My dad is on the autism spectrum, and I’ve often noticed I too have some tendencies.

Whilst on the surface, pointing out how awkward you feel can seem like it would only make things worse, it doesn’t always feel that way.

My logic goes like this:

By laying it all out on the table it breaks the internal tension I’m feeling from being in a cringe-worthy situation.

Rather than try to carry on and ignore the elephant in the room, it feels better to refer to it.

Of course, the very fact that I can’t find a more appropriate way to express the discomfort, or even better, move forward from it, is a sign of social awkwardness.

5) “It’s up to you”

When you have a deep-rooted fear of getting it wrong and making a fool of yourself, it makes sense that you prefer to leave it up to others.

Socially awkward people can inadvertently become wallflowers. As a defense mechanism, they try to camouflage into the background as much as possible.

That feels like the least threatening option. But as a consequence, they may forfeit voicing any of their own preferences or desires.

Social psychologists have confirmed that one main reason that people conform to other influences is to maintain harmony among social group members.

Going along with the crowd is a classic people-pleasing tactic to try to win favor and take the unwanted spotlight off yourself.

But sadly, it gets in the way of genuine connections because you aren’t letting people see the real you and what makes you tick.

6) “Sorry, I’m not very good at this…”

This is an apologetic phrase that may be rolled out when a socially awkward person feels like they have to explain themselves.

It can be used to excuse themselves from a social activity or interaction that makes them uncomfortable.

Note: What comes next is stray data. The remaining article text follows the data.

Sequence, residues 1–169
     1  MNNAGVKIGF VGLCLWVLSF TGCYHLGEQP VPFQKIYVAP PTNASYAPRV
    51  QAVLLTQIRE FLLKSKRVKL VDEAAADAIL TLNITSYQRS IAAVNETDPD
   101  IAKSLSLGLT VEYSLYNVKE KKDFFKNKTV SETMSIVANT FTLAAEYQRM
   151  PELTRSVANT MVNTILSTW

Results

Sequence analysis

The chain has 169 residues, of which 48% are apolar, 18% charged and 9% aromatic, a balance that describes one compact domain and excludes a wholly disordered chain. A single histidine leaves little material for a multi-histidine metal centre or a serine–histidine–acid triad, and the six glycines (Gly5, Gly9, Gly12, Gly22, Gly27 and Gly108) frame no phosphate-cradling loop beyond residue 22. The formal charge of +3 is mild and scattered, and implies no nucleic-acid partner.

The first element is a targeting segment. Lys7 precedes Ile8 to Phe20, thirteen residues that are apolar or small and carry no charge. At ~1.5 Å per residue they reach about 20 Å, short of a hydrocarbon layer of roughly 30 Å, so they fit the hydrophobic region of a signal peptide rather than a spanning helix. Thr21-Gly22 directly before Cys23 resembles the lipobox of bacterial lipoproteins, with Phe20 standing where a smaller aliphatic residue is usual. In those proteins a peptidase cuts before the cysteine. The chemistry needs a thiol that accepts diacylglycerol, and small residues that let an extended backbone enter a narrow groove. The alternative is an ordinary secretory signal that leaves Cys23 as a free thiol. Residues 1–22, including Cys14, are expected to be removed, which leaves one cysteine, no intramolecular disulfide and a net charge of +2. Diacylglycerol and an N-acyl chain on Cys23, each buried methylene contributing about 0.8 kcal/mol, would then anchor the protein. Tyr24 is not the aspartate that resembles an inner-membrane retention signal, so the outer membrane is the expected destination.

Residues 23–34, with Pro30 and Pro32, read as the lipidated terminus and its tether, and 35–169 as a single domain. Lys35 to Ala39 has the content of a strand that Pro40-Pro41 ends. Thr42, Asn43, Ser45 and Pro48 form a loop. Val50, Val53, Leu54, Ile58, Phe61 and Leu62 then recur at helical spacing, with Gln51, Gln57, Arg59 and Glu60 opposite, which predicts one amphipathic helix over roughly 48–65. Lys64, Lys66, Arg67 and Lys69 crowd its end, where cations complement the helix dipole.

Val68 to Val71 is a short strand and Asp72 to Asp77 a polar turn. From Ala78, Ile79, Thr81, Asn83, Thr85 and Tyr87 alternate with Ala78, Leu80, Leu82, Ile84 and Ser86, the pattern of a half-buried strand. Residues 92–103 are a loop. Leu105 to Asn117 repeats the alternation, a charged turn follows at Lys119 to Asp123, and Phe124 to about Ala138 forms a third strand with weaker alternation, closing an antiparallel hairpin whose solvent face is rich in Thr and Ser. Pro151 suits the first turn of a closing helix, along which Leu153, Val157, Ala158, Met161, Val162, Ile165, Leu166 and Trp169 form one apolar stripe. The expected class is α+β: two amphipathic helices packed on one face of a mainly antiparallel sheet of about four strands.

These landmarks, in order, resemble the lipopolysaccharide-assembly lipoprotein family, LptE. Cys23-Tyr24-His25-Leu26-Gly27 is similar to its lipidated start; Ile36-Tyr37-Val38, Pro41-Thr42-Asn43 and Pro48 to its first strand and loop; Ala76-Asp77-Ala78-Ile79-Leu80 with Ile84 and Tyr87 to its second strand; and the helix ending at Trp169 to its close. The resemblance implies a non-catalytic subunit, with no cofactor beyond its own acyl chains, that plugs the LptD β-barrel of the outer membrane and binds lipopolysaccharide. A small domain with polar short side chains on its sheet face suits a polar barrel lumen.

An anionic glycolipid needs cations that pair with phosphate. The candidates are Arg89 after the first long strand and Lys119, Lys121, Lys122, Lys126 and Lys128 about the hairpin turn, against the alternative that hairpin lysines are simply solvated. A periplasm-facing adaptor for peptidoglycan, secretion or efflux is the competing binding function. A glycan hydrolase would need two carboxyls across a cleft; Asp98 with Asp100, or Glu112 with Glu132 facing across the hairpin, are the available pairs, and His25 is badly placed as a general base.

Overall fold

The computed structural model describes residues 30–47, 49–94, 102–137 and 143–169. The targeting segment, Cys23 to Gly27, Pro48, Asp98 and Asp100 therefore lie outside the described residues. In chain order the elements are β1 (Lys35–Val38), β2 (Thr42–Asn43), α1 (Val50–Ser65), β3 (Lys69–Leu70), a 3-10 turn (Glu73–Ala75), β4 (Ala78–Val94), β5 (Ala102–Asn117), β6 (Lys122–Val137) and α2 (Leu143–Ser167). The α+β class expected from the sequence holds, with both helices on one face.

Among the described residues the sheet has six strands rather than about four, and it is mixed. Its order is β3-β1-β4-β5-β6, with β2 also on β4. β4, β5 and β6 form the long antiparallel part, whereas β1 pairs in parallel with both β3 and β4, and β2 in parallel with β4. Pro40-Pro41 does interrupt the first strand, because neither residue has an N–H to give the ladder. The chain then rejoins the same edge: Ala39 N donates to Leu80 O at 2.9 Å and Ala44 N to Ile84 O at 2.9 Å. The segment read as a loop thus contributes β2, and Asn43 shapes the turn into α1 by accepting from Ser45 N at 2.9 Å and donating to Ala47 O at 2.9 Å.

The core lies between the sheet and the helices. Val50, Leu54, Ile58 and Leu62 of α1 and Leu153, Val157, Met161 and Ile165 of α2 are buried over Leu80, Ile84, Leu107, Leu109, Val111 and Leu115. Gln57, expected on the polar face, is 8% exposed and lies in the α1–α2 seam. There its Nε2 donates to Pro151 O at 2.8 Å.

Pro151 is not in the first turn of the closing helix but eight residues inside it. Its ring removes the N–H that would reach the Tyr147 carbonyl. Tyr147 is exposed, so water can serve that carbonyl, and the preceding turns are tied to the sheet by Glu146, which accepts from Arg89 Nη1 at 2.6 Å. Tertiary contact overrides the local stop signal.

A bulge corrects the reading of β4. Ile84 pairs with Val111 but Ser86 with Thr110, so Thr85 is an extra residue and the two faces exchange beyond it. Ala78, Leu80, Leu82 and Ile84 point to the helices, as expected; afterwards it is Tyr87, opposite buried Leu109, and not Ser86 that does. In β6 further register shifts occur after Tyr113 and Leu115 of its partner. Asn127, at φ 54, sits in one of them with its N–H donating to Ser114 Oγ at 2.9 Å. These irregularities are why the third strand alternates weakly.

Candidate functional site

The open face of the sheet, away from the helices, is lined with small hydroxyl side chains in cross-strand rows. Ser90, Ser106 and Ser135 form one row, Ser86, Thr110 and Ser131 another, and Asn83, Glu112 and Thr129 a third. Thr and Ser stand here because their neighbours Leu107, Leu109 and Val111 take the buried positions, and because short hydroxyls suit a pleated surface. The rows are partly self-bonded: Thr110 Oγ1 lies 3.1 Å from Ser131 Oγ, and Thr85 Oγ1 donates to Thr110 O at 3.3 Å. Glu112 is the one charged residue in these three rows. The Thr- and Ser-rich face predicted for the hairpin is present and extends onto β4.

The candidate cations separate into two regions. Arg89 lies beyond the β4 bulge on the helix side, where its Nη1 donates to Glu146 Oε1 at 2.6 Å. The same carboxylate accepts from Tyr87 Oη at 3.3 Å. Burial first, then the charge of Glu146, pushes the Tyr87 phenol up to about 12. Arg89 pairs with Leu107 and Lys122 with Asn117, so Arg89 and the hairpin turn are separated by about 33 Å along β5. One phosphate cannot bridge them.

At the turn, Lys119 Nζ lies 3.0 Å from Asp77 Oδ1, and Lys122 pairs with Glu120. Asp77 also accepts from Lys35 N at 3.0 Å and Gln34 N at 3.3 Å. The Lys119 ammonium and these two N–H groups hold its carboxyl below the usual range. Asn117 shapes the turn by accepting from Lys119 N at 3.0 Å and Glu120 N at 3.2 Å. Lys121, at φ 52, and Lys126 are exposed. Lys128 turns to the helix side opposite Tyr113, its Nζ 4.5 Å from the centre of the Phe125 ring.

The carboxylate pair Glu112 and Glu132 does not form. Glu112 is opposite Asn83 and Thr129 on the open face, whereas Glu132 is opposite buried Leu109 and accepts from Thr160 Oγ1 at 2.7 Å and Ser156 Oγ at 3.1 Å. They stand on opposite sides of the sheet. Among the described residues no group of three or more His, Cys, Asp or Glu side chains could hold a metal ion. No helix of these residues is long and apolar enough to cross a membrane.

Yet it’s often preemptive and is said to try to lower expectations, and hence the pressure they may feel.

It’s pretty self-deprecating, and so yet again, points to some self-criticism and self-belief issues.

They lack confidence in their social abilities and want to let others know that it’s a challenge for them.

7) “You look tired” (and other phrases that put your foot in it!)

Unfortunately, we may use certain cliched expressions or phrases that can be read as rude.

Despite their intentions being good, socially awkward people are more likely to put their foot in it.

Clinical psychologist Carolina Estevez, Psy.D, says as part of the territory, socially awkward folk find it harder to read the room.

“They may struggle to pick up on nonverbal signals like body language, facial expressions, and tone of voice. This can lead to difficulties in making friends and forming meaningful relationships.”

So they may be more inclined to say the wrong thing at the wrong time.

They may also pull out a variety of indelicate phrases without realizing how they sound.

Things like:

  • You look tired
  • Are you unwell?
  • You scrub up well
  • I think you look great for your age
  • You can do so much better anyway
  • You’re so skinny
  • You’ve lost so much weight

8) “Sorry, what were you saying?”

Spacing out is a common problem for socially awkward types.

It’s not that they are being rude or intentionally inattentive to you.

But when anxiety pushes us into the fight or flight mode it can prompt us to seemingly shut down.

It can create an almost out-of-body experience where you’re no longer consciously taking in your environment.

To those observing it can look like you’re very disconnected, but it’s often a reaction to overwhelm.

When you finally come to again you may realize that you weren’t listening and had drifted off.

Eliza Hartley

Eliza Hartley, a London-based writer, is passionate about helping others discover the power of self-improvement. Her approach combines everyday wisdom with practical strategies, shaped by her own journey overcoming personal challenges. Eliza's articles resonate with those seeking to navigate life's complexities with grace and strength.